Stephens stood at the long window of the banqueting hall, staring across the broad expanse of shaven lawn to the river that traced the northern boundary of the Creith acres. It was a glorious morning in early autumn. The trees held to their deep green, but here and there the russet and gold of autumnal foliage showed on the wooded slopes of No Man's Hill. Sunlight sparkled on the sluggish Avon, the last wraith of mist was curling through the pines that crested the hill, and the tremendous silence of the countryside was broken only by the flurry of wings as a hen pheasant flew clumsily from covert to covert.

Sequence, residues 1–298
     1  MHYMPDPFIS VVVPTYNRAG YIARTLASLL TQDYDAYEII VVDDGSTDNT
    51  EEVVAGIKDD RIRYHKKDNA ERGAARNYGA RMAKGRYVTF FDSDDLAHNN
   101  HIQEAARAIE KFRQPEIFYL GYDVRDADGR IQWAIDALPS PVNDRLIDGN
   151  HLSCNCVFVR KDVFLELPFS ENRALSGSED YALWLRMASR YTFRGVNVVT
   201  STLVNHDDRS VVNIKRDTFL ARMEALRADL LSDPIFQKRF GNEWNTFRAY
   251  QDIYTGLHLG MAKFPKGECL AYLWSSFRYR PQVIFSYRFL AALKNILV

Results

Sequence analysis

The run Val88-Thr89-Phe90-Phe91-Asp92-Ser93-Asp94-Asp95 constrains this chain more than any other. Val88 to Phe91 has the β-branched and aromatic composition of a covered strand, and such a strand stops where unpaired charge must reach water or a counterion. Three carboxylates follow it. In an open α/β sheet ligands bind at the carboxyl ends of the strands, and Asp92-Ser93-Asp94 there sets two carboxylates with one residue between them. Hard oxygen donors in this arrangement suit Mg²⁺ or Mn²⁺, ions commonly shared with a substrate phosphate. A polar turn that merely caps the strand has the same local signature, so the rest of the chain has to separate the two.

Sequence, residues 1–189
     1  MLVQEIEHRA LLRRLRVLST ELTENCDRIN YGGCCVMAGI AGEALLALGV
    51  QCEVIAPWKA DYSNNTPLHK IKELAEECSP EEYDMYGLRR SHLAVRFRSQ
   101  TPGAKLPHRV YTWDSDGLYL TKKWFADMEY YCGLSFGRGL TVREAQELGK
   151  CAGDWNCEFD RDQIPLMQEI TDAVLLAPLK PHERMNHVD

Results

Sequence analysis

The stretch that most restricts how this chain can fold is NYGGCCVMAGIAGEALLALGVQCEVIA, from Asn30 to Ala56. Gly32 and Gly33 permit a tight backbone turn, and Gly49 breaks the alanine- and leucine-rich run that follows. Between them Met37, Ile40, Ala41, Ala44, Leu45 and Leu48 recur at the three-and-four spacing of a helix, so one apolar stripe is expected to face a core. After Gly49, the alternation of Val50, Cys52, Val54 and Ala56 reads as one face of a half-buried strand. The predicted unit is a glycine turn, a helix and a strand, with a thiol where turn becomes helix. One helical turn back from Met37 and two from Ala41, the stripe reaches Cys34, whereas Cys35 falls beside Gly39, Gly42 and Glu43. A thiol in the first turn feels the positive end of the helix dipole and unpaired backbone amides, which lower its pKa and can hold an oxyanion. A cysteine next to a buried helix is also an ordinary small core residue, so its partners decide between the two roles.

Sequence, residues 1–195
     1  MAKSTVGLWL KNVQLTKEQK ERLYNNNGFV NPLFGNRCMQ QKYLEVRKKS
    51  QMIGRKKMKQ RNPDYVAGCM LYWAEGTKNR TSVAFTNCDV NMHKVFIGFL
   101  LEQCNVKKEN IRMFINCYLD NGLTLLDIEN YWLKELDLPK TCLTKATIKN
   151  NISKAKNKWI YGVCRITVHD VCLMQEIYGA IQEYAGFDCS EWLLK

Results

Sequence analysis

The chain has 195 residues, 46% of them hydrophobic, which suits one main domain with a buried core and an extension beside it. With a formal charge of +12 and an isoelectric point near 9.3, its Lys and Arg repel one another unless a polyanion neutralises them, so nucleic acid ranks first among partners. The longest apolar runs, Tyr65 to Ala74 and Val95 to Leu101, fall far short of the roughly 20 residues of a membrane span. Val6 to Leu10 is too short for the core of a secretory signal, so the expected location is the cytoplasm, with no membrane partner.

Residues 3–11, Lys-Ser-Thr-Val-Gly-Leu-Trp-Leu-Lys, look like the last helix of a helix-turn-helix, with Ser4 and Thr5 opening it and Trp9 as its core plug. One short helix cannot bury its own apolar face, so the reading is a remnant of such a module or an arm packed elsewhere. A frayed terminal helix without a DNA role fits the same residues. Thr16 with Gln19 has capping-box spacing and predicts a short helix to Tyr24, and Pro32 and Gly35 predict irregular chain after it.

Stephens turned guiltily as he heard the voice of the man about whom he was at that moment thinking so disrespectfully.
Ralph Hamon had come noiselessly into the panelled hall. He was a fair man of middle height, stockily built, inclined to stou